“Multi-factorial Inheritances” that you and your spouse passed on to your daughter, as well as the “cultural/interpersonal” stuff that shapes each of us after our birthings, are still all creation stuff, aren’t they? Stuff with THE creator’s hand definitely in the mix. What else is “creatio continua,” which is always predicated to God in Christian theology? If these are not linked back to God, then we run afoul of the condemnation of Augsburg Confession Art I “God” where the Manichaen heresy is scored because it had to have a second deity to explain all the bad stuff. Ditto the condemnation of the Deuteronomist (32:39) cited above. All of your daughter, her original wiring plus the reparative re-wiring must come from the only God there is. If not, the di-theist Canaanites were right. There is Baal and there is Muth, two powers in the cosmos, one for good stuff and the other for the other stuff.The same is true about your “lambent nervousness” (and maybe even a coupla other things I’ve noticed about you!) Either the “one God creator” is at work here, or Erasmus was right and Luther wrong in their epic wrestling match on God’s all-pervasive hand in the mix of human freedom and bondage.

    3. This month’s Atlantic Monthly has an article about an evolutionary biologist who claims to be showing that all major chronic diseases are the result of infection, not of genetic problems, because if they were genetic they couldn’t be so common. See the author’s paragraph on homosexuality (which he doesn’t exactly label a disease, but, well, his logic makes it one). Since homosexuality reduces one’s (Darwinian) “fitness” for reproduction by 80% (males) or 50% (females), there shouldn’t be more than about one homosexual male in 50,000 if it were due to a genetic fault. Oops, he says, people don’t want to hear this.REPONSE to par.3:

      I was not in ThTh 34, nor am I here in ThTh 35, asserting simply the genetic realities, “wired different genetically.” ‘Fact is, I didn’t even mention that. My pitch was for God’s overall engineering, for God’s overall wiring (via heredity and environment, via nature and nurture, via genes and Sitz-im-Leben) in the lives of homos and heteros. Thus the A.M. article initially doesn’t seem to be germane. But I haven’t read it, so I might be mistaken and change my mind later.

    4. The question of “legitimating” homosexual relationships will really have to be resolved without using the Bible, which usually just presumes those people have it right who think it is an abomination for people to use for this what is meant for that. Romans 1 argues from, not to, the cathexis of improper object.RESPONSE to par.4:

      No matter how many times I read these lines, they come out sounding snippy. Was “cathexis of improper object” some lingo you picked up at U. of Chicago? Apropos of Romans 1: For alternate readings of the NT texts often rendered “homosexual” in English translations, see Fred Danker’s now-in-the-press new edition–umpteen years in the making–of Bauer-Arndt-Gingrich-Danker-Danker: Lexicon to the Greek N.T. Fred’s hardly the one, as you well know, to say “Oops, people don’t want to hear this.”One thing, for sure, that the Bible can help us “resolve,” unless it’s read Biblicistically (which I hope you’re not doing in par. 4) is the following, a new appropriation of the Reformation take on the orders of creation. To wit: first of all they are historical, i.e., malleable, so that what was once the case in some time and place is not necessarily the case at this time and place. Same God and creator, different products from his creative hand. Easiest example is the “order of marriage” from polygamy, concubinage, etc. in ancient Biblical days to the (well, sortuv) monogamy of our world today. Same thing is true of the “order” of the state, which never ceases metamorphosing.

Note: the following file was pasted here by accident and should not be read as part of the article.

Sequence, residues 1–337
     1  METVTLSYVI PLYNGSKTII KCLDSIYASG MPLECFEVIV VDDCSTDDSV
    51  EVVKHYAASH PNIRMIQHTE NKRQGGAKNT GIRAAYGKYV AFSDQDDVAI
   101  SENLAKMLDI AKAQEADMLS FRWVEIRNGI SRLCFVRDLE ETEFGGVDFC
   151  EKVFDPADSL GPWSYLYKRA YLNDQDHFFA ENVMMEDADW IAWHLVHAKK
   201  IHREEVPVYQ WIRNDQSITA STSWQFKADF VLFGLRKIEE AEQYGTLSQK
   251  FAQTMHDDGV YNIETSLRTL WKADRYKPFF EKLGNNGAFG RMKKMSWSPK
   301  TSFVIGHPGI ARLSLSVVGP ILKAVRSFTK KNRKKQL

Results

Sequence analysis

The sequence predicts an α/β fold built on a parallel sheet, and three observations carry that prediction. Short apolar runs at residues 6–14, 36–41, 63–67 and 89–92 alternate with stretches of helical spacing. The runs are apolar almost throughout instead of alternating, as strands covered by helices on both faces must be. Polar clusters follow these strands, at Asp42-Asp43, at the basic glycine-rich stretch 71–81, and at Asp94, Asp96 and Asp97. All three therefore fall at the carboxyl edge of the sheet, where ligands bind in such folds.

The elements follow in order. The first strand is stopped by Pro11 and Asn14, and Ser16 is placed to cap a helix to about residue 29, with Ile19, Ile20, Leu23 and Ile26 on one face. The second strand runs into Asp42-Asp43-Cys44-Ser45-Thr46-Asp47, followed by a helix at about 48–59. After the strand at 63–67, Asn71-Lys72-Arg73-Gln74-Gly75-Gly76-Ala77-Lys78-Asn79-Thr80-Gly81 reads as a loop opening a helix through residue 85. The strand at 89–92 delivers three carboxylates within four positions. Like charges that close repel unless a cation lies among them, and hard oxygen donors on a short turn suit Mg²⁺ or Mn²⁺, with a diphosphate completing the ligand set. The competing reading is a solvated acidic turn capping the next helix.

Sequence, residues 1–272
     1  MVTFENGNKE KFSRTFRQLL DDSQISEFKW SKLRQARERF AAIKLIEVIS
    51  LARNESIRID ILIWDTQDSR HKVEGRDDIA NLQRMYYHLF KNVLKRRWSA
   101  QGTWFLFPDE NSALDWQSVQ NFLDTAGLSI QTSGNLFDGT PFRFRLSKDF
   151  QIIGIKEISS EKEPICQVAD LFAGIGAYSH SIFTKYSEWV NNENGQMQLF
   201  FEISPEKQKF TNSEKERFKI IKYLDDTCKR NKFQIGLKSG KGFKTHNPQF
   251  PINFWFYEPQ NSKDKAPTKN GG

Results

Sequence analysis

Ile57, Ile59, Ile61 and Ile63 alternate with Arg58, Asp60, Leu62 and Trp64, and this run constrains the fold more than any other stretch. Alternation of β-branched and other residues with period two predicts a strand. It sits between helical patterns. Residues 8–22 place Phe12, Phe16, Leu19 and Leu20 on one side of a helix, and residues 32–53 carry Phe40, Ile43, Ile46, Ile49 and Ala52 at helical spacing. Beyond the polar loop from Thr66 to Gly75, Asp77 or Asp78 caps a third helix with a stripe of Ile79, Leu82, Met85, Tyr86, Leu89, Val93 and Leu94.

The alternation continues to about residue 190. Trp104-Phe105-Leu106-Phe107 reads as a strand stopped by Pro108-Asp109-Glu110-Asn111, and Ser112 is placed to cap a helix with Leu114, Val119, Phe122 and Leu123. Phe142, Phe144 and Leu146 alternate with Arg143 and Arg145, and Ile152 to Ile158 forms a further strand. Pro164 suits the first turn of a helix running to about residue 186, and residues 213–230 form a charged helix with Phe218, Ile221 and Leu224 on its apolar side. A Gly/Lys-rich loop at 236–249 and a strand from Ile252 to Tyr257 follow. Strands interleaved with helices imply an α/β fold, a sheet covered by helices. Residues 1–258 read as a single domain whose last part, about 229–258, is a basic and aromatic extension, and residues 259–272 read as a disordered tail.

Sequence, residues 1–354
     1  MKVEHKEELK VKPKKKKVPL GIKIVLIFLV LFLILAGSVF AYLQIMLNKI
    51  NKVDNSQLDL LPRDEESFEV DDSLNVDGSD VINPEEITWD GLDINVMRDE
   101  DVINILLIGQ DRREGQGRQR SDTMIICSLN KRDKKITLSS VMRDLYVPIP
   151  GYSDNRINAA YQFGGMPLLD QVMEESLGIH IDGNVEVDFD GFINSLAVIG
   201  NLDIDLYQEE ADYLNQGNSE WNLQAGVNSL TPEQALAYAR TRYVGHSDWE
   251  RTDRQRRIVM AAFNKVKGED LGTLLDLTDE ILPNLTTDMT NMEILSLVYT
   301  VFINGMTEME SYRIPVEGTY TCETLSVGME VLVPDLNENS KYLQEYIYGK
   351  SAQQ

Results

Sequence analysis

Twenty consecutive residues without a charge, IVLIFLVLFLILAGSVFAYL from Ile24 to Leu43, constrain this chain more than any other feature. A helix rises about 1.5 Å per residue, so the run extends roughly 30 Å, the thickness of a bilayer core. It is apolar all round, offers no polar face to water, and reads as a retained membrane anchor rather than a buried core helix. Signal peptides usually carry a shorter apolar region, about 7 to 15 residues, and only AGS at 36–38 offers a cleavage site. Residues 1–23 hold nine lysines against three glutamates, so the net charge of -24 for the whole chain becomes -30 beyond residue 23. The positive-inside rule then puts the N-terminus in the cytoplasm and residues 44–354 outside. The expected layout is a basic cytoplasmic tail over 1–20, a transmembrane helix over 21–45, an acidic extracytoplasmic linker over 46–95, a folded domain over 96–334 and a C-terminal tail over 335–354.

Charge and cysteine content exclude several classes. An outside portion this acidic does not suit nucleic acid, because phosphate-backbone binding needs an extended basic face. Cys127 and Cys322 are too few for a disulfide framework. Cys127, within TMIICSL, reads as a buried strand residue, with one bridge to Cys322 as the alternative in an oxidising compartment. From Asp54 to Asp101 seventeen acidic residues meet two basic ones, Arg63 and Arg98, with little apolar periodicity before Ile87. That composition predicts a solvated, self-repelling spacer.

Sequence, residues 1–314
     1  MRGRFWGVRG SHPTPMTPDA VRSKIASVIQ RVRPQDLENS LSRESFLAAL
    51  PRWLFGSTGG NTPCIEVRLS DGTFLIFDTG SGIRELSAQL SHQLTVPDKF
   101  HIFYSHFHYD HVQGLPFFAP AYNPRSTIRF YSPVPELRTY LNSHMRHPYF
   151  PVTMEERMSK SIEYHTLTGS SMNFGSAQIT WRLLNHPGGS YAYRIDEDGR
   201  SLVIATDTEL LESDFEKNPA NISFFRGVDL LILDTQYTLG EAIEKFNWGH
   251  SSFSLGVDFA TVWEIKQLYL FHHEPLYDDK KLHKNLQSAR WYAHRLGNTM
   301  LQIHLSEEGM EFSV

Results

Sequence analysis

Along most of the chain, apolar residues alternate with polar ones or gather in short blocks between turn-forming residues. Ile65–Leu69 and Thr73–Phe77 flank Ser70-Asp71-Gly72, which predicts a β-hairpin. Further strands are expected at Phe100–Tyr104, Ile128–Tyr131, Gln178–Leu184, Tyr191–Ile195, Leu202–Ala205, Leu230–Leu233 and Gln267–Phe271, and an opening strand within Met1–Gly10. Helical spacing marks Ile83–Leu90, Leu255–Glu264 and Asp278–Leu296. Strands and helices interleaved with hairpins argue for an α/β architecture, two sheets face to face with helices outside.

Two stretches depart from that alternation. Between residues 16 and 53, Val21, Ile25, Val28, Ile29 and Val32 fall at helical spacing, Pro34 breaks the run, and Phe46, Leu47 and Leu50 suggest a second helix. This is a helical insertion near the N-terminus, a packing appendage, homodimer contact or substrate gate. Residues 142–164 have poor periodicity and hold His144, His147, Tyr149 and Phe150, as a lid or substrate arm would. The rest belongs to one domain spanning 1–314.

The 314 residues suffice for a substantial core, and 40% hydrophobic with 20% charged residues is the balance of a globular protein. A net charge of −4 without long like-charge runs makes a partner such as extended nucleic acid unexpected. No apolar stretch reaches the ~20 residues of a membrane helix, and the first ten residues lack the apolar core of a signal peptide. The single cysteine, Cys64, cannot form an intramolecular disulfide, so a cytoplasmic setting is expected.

Why not the same with something as patently creaturely, as much reality of God’s left-hand regime, as gender consciousness? Suppose for a moment that there really weren’t any folks “wired” as homosexuals in the Biblical world. I imagine that this can no longer be proved or disproved. But suppose there weren’t any at all, at least not in the Hellenistic world of NT times. If so, then those who did what Paul abominates were really living counter to God’s “ordaining” (=the “order” God had placed them in), as Paul maintains. But is it impossible to envision that God could be “wiring different” than once he did, wiring via chromosomes and contexts that are not the same pattern they once were in days gone by? God’s wirings in political governance have changed, economic orders ditto, legal systems and family configurations likewise.

      The ones “wired different” whom I know best, who like you have imbibed and thrived on Augsburg catholicism, claim that one element of their manifold God-ordained locations is homosexual. How can anyone operating with the same Reformation theology of God the creator refute that? Remember in this talk about orders of creation, I’m taking Luther’s angle that these orders are not boxes where God puts us, but specific locations in the world where God plops each one of us down in his creation to live out our biography imaging him. It’s like being placed at shortstop in baseball. The agenda is: play the game as God’s team member at shortstop. Homosexuality for me–for about 60-plus years–was no place where God could possibly put anybody to play shortstop on his team. But I was mistaken. And Rick and Mary and Tom and Alice and more, Christ’s teammates all of them, have made that plain to me.

      Now back to Paul. It could also be that Paul was wrong, if in those several spots he did excoriate people who today understand themselves as homosexual. He was not exactly on target about slavery. And at best he’s a mixed-bag about women. And then Luther was wrong about the Jews. None of which diminishes the power, wisdom, glory, to use the terms of last Sunday’s second lesson, of the theology of the cross that both of them pass on to us.

    5. The case for “beatification” will rest with the Beatitudes, which give us not a technique for acquiring happiness (pace the whole damned self-improvement section at Barnes and Noble) but an offer of blessedness to those who will quit fighting for felicity, look up, and open their mouths. And ears.RESPONSE TO par.5.

      I too preached on the Beatitudes last Sunday. My take was: Our addiction to Superbowl Theology